Nic Compton was researching the history of a 32ft double-ended cutter called Nausikaa, when he came across the name of a very interesting owner. It called for further investigation
It’s quite possible too that the ‘arrival of the others’ and the rough trip that followed might have spelled the end of Greene’s yacht owning. By 1950, Lloyd’s Register shows Nausikaa was owned by R. H. Goddard & F. W. Knight and based in Southampton, with an RORC rating to boot.
Meanwhile, Greene was enjoying a holiday on Alexander Koda’s yacht, Elsewhere, in the South of France in the company of celebrities such as Laurence Olivier, Margot Fonteyn and Vivien Leigh. He later satirised his cruises on Elsewhere in his novel Loser Takes All (1955), but of the pretty, double-ended cruising yacht he himself owned, there is no sign in any of his books.
As for Nausikaa, after her brief affair with Graham Greene, she went through a series of lovers up until 1955, when she was bought by Peter Burnett and stayed with him for more than 40 years. From her base on the Hamble River, the Burnett family sailed the yacht extensively up and down the Channel – often in company with the Bailhache family on their T-Class sloop Monica – all around Brittany and even up to Scotland.
Despite being more than 20 years old, she raced on the Solent under the auspices of the Royal Southern YC as well as the Round Jersey Race and managed to pick up ‘the odd pot’, according to Peter Burnett’s son, Richard.
The yacht’s interior was considerably altered during the Burnett years, with the enormous heads by the companionway replaced with a quarter berth and chart table, and the saloon seating improved. The original Gray petrol engine was replaced first by a Parsons Scampi petrol engine (which apparently sounded ‘like a Tiger Moth’) and eventually a Saab diesel. The old coal cooker was replaced with a Taylor paraffin stove and then by a ‘sensible’ Calor gas arrangement.
These were happy times, when Nausikaa was in regular use as a family cruiser, clocking up many miles and even more memories for both the Burnett and the Bailhache families – even if she was sometimes described as a ‘half-tide rock in a hurry’ (ie she had a big bow wake). There was romance too, with a Burnett Young eventually marrying a Bailhache Young.
Lloyd’s Register doesn’t tell us what happened to Nausikaa after the Burnetts sold her in the mid-1990s (the Register of Yachts was discontinued in 1980), but it seems in 2000 she was bought by John Hutchings, who lived on her for a time in Guernsey before he died.
A sorry state
In any case, by the time she turned up at Traditional Shipwright Services (TSS) in Poole in 2010, Nausikaa was in a sorry state. Eighteen months’ work followed, during which the accommodation was entirely rebuilt, including a new double berth in the fo’c’sle, moving the saloon bulkhead forward to give more space for the chart table and a ‘decent’ galley, and creating a partitioned heads.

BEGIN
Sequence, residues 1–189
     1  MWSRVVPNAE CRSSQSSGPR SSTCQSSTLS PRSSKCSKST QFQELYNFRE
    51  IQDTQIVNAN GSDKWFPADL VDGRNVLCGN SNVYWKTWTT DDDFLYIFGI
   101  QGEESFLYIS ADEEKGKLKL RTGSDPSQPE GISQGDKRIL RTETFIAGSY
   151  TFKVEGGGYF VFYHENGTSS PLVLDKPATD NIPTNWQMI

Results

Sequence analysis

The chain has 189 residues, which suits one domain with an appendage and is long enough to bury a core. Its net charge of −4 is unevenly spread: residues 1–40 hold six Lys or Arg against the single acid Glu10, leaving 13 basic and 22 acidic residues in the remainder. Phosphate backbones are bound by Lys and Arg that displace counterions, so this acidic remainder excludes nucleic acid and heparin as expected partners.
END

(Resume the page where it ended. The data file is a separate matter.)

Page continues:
It would have been sacrilege had it been the original interior, but most of that had been discarded long before David Messum bought the boat, so there was never any chance of being able to say: “This was the saloon where Graham Greene sat” or “This was the bunk where Graham Greene slept” or even “This was the galley where Father Gilbert cooked”!
Instead, Nausikaa was fitted with a beautifully crafted interior, far superior to the one she had during Graham Greene’s ownership, but better suited to her new-found status as a nautical collector’s item. For, even before he knew the boat’s unique pedigree, Messum had high hopes of his latest acquisition.
“The value of something depends on how you look at it,” he says. “It happens all the time at art auctions: people don’t stop to think about value, it’s all about price. So if it’s cheaper than the next thing, they think they’ve got a bargain. That applies to boats too. If you look for another Gauntlet and find one for £25,000, you might think ‘what a bargain’. But take it to a shipwright and he’ll say it needs a year’s work.
“Whereas with a boat like Nausikaa, all that work’s been done. It might not be cheaper, but it’s better value than that £25,000 boat! It’s like an valuable painting. There are lots who will say it’s too expensive – but they’re probably the wrong people anyway. It’s not always about money.”
1st on handicap
And certainly Messum’s first outing suggested he and his team had got something right. Less than a week after being relaunched, she entered the Round Island Race at the 2014 Panerai British Classic Week and, against some of the top competition in the UK, came 1st on handicap (albeit she was one of the last over the line in real time).
Had he been more of a sailor, Graham Greene might have realised what a little treasure he had and hung onto her a little longer, instead of selling her and jetting off to the South of France. But then he had a habit of chasing after the unattainable, rather than appreciating what was right there under his nose.
Sailing his own boat in England didn’t suit Greene quite as well, it seems, as sailing other people’s boats in the South of France.